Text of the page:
Luke Michell, in Hapers, discusses the largely ignored orphan of health care reform, a single payer system that has the government covering everyone.
The argument for single payer is straightforward. When everybody is in, you don’t have to spend a lot of time and money deciding who to keep out. You also don’t have to worry about what to do with the people you’ve kept out when they get sick anyway. (Uninsured sick people cost insurers nothing, but since they often end up seeking expensive emergency-room treatment, they cost taxpayers a lot.) If you want to quit your job and work someplace else, you can do so without fear of losing your health insurance, which means that labor is more mobile. And employers don’t have to carry the burden of benefits, which means that capital is more mobile. If you get sick, you don’t have to worry about losing your coverage or your house. Your insurance is paid for through taxes. And your taxes don’t go up just because you have a preexisting condition; under single payer, there is no such thing as a “preexisting condition.” Moreover, your provider—the single payer—has an incentive to keep you healthy your entire life, rather than just getting you to age sixty-five and then dumping you into Medicare. And if the experience of most other countries is any indication, the whole thing would cost a lot less than our current bloated mess of a system.
Despite its rationality, the fact that now-President Obama, and many Democrats, used to be for it, and that polls show widespread support among Americans, single payer is being largely ignored. No supporters were ibvited to this week’s White House Summit until the threat of a protest outside led to a last-minute change. Rather, only “market-oriented” solutions are being considered, despite their obvious problesm:
This preference for markets is common, but it is not wise. The health-care system is not at all like other markets, because health, for obvious reasons, is not at all like other goods. (The demand for not dying, to give just one example, is pretty much unlimited.) And in America, market-based solutions very often end up involving the government anyway, as has been made evident most recently in the aftermath of the failed deregulation of Wall Street….
Nonetheless, Democrats clearly do not want to discuss the role of government in terms that could be understood as unfriendly to the market. “We all have to keep an open mind on all this stuff, figure out how to get to yes. Everything is on the table,” Baucus had cautioned. “The only thing that’s not on the table is a single-payer system. That’s going nowhere in this country.”
Mitchell, in this article, tries to find out why the best is being ignored:
Which is why I was in Washington. Even the new president, with a near landslide victory and a huge congressional majority, sees an intraversable divide between what he himself has claimed to understand as the best approach and what can actually be done. I wanted to know what defined that divide, and why single payer fell on the far side.
One thing he finds is that the country is moving toward a form of “socialized medicine”, but it will be designed to guarantee that a large percentage of our money goes to insurance company profits:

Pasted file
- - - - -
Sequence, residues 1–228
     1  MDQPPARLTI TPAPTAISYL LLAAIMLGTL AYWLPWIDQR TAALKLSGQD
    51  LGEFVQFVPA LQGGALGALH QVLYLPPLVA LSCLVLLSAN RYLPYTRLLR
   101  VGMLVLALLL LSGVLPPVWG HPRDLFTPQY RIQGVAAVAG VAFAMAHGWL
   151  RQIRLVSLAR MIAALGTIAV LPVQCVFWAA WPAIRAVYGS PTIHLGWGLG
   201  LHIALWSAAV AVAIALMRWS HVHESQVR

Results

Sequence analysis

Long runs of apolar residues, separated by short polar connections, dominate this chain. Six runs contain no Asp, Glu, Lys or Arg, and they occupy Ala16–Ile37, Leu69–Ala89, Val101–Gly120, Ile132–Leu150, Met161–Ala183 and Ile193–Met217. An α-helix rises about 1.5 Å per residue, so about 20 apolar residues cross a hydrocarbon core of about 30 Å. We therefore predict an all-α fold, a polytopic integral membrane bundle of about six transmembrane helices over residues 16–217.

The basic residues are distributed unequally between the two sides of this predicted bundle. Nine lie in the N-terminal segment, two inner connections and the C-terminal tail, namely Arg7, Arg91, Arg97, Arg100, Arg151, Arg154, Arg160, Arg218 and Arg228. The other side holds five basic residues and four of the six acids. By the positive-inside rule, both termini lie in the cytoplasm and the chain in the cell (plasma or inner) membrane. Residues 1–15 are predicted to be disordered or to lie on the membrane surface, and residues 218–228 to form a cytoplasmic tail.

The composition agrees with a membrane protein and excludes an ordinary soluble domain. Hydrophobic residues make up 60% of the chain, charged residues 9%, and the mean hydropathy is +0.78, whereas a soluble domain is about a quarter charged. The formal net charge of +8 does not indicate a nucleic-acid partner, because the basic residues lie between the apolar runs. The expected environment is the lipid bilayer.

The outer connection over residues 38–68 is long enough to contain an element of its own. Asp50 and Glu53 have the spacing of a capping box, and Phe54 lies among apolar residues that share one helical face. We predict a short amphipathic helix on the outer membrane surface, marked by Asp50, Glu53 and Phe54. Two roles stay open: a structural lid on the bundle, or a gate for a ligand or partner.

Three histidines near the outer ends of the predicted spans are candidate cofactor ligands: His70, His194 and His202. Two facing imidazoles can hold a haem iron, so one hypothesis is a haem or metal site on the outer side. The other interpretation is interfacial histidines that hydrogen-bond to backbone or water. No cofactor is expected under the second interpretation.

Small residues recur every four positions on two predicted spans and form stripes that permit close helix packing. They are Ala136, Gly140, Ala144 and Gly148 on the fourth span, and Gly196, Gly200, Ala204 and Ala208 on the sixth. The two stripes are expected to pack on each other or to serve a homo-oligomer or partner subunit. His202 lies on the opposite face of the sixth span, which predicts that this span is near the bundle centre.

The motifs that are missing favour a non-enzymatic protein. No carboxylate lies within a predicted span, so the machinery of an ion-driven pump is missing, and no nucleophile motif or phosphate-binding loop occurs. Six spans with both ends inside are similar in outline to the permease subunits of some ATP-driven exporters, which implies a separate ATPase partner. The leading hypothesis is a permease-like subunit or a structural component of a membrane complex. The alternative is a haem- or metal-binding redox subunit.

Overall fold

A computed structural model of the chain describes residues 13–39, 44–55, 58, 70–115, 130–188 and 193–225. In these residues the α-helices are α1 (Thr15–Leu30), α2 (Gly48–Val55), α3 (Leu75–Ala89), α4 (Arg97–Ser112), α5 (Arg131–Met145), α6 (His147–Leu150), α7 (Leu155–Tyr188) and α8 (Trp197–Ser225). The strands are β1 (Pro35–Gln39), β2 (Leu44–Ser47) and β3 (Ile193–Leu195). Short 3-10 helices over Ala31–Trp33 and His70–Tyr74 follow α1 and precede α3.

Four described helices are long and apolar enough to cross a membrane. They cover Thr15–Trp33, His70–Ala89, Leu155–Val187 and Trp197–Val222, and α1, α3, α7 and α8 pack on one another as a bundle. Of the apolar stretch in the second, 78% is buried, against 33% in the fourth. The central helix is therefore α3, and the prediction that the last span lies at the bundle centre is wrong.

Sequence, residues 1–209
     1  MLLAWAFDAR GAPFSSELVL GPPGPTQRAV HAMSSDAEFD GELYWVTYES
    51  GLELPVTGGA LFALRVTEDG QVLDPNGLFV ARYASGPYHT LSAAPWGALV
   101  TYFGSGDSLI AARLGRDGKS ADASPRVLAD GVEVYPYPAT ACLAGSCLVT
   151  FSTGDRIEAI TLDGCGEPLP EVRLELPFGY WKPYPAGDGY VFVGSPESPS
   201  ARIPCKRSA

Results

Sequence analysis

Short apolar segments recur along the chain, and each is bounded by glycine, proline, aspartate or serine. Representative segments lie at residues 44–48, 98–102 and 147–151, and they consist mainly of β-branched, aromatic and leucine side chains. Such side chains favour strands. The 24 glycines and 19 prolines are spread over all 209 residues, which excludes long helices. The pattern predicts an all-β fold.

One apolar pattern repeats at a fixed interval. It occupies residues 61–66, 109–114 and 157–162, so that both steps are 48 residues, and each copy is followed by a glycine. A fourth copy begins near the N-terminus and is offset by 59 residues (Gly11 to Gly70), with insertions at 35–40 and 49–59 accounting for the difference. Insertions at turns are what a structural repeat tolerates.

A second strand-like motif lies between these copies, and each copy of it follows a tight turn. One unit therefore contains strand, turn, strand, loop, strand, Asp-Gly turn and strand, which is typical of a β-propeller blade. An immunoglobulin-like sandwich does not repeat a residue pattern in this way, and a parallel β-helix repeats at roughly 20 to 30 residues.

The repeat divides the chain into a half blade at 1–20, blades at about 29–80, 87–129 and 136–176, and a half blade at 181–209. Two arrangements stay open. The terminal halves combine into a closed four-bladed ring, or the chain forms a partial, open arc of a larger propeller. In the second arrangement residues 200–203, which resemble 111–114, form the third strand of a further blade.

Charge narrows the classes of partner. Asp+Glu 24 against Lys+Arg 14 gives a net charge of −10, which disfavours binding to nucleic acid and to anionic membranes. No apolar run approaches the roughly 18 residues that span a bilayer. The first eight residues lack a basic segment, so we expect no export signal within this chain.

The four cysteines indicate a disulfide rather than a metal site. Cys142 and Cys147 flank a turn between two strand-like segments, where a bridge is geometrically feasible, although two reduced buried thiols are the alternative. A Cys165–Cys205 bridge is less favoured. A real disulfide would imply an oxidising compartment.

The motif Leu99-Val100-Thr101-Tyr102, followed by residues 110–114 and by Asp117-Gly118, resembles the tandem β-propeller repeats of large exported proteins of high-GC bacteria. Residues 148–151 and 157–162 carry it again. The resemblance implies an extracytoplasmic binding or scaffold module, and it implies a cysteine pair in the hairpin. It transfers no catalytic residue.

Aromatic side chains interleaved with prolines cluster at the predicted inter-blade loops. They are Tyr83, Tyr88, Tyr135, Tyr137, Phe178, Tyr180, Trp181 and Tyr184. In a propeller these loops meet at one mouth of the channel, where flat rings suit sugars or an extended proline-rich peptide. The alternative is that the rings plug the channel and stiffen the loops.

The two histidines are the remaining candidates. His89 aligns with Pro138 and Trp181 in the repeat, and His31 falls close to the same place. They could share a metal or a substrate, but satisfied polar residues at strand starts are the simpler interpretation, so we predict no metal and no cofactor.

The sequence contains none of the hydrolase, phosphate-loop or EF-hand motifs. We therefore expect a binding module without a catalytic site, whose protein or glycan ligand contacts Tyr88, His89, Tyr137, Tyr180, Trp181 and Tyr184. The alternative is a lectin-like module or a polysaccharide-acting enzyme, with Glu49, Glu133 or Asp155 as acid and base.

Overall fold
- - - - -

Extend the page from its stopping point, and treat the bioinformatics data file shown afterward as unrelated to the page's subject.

The preference for markets is more often claimed than felt; the preference for profit is far more sincere, and the method by which it is achieved—competition, bribery, lobbying—is a secondary concern. After Ignagni and I met, when the Obama transition team had made clear that some form of universal health care was forthcoming, she announced that AHIP would support a law requiring private insurers to provide insurance to all people regardless of their medical condition—a form of insurance known as “guaranteed issue”—if Congress would in turn require all Americans not covered by government insurance programs to buy some form of private insurance. This combination of guaranteed issue and individual mandates would add up to a system wherein the government requires healthy people who do not want insurance to buy it anyway, in order to subsidize unhealthy people who need insurance but can’t afford it—which sounds like what most people would call “socialized medicine.”
Mitchell goes on to ask:
If the insurance companies themselves were openly endorsing a non-market solution—albeit one that required millions of new customers to buy their products—then what else could be preventing Americans from embracing single payer?
He then goes on to skeptically explore various proposed high-tech, corporate driven solutions to health care. In the end, the reform we get will depend upon the mobilization of our citizens to demand real change, or not.
You can also check out Mitchell’s interview on Democarcy Now!
And I think there are a couple of reasons why they’re so explicitly rejecting it. One of them is that it’s a threat to a great deal of people who are making a lot of money right now, which is to say the insurance companies. A single-payer system would take a lot of money out of the insurance system, the private insurance system. And it’s also something that a lot of people in Washington understand as ideologically threatening, that is to say, they equate a single-payer system with what they call, quote, “socialized medicine,” unquote.
So I think what Obama is trying to do is neutralize that threat and get, as he said, the imperfect rather than nothing. And maybe he’s right. There’s clearly a massive resistance to single payer on the Hill.
March 7th, 2009